YEP Letters: August 18

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Check out today’s YEP letters.


Track down red light zone litter bugs

D Angood, By email

Recent articles about the designated controlled area for prostitutes and their clients have been about the discarded items that are left in the area. This is something that must be eliminated as there is a danger to those people who have to work in that area.

Litter droppers, if caught, are fined £75 and dog owners who fail to pick up their dog’s mess are similarly treated, so what is different for the people who discard used condoms? They can use the same bags as dog owners to clean their mess and take it away with them.

A swift deterent to them would be for officers to collect these items and extract the DNA profile and record the identity of the persons, both servicer and client.

If they persist then a personal visit to their abode by officers to enforce a fine would soon see the area cleared of such debris.

The people who wish to use this area for that purpose must be made aware of the problems they are causing and act accordingly or suffer the consequences of their actions.

That is , of course , if the authorities are willing to enforce those measures.

Hear Asia’s cries for help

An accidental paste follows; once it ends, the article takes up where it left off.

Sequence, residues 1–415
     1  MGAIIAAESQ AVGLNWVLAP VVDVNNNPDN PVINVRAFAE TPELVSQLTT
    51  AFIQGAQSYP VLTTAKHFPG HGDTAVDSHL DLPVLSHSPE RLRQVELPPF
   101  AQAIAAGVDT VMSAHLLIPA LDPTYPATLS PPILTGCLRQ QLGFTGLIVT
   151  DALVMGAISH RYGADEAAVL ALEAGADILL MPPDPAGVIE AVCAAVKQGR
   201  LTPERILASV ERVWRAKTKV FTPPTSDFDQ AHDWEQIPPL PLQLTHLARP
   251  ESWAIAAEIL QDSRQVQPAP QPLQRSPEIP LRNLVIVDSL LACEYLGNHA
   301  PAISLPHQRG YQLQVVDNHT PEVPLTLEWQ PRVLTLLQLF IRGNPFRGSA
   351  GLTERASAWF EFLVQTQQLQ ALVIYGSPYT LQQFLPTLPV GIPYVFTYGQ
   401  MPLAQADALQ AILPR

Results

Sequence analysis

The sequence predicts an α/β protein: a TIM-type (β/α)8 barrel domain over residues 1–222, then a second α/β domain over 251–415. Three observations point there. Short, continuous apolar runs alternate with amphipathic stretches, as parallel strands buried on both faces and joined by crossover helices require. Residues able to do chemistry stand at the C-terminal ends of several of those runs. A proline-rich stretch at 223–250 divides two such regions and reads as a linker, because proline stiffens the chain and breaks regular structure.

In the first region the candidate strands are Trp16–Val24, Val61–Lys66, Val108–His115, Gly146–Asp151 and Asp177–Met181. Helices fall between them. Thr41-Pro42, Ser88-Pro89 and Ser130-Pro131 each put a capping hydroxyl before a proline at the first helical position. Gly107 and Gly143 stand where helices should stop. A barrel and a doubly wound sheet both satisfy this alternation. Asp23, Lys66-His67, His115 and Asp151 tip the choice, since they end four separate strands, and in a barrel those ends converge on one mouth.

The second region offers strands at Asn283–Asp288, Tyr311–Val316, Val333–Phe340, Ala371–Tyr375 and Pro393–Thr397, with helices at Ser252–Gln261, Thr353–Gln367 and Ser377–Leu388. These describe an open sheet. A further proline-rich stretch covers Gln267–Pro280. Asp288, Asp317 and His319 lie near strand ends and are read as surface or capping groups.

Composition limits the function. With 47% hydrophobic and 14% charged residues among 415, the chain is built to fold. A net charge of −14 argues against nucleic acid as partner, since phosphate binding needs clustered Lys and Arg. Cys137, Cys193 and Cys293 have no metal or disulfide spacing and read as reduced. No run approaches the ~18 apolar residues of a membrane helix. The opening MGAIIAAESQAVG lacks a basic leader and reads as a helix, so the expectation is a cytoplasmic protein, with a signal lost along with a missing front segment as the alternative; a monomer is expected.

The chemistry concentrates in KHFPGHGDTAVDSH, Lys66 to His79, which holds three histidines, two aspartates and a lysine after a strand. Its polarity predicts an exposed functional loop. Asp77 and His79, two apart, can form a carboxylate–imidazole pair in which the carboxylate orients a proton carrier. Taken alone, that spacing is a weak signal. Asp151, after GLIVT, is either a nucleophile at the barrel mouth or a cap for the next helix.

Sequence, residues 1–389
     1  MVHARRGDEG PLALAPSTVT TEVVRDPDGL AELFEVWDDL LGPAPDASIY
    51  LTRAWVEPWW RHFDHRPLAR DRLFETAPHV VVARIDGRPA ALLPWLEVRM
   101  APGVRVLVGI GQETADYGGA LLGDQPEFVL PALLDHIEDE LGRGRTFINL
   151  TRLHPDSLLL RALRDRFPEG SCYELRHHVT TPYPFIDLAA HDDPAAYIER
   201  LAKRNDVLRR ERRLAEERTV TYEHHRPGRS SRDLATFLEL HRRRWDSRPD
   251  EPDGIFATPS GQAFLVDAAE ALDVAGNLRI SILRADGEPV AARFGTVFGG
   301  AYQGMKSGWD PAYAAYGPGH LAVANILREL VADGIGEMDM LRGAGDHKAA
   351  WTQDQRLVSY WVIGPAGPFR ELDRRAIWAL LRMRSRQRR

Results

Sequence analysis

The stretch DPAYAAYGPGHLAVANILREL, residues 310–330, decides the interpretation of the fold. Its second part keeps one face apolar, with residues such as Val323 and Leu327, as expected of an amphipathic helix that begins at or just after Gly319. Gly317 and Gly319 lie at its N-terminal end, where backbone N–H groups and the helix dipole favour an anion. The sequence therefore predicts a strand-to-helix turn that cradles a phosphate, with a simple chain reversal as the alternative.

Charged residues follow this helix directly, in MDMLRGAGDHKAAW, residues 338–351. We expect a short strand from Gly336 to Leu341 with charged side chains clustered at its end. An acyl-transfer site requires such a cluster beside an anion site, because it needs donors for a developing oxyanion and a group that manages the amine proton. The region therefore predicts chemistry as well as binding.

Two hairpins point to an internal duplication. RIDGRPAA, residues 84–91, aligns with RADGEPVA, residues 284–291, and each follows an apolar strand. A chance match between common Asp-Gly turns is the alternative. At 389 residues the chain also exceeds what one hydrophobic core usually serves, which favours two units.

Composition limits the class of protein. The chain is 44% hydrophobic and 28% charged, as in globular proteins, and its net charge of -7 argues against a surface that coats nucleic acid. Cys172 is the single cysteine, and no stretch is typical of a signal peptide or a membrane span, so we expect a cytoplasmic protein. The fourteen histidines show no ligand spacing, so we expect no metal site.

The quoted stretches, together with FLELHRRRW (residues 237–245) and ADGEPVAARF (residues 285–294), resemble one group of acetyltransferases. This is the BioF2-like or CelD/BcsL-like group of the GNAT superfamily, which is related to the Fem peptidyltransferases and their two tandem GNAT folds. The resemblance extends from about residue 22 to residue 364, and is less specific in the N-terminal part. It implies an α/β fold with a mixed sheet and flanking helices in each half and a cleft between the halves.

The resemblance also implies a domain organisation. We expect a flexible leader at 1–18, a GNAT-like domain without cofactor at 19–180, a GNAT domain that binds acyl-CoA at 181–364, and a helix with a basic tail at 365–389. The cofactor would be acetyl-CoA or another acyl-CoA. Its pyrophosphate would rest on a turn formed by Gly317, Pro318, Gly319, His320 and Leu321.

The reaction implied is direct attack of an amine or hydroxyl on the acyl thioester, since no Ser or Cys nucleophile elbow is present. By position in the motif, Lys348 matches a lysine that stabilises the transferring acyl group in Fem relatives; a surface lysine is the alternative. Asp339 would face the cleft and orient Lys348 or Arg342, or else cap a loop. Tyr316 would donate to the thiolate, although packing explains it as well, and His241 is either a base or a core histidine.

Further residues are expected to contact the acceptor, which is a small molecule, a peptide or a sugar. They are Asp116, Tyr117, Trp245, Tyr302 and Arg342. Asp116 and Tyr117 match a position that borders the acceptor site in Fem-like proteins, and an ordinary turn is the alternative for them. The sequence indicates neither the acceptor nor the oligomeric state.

John Appleyard, Liversedge

I have just finished reading a book on the true heart-breaking story of the life of Asia Bibi, a Pakistani wife and mother living under the sentence of death.

Since 2009 she has been in a prison in Sheikhupura, in the province of the Punjab, where she is held in appalling conditions.

Her crime? She’s a Christian who drank a cup of water from a well used by her Muslim friends.

For this Asia was arrested, tried and sentenced to hang for the crime of blasphemy.

Asia has not stopped proclaiming her innocence. Following death threats her family and five children have had to flee their village.

The two public figures who came to Asia’s defence, the Muslim Governor of the Punjab and Pakistan’s Christian minister for minorities, both have since been brutally murdered.

Asia’s health is deteriorating after six years living in a dungeon.

it is important that her cries for help don’t go unheard and that as many people as possible are aware of her case in the hope that she may be freed from her chains and be re-united with her family and start living a normal life.

Why I’m backing Jeremy Corbyn

Rev Andy Myers, Vicar of Middleton

As a faith leader in Middleton, south Leeds, and Labour Party member, I am excited by the emergence of Jeremy Corbyn as candidate for the party leadership.

As a Christian socialist and former trade union activist, I have remained loyal to the Labour Party but saddened by its departure from the founding principles upon which it was based. My faith is in Jesus Christ as a teacher of the equality of human beings and with a bias to the poor and oppressed. And many Christians have felt effectively disenfranchised by every party’s occupancy of the centre ground in recent years.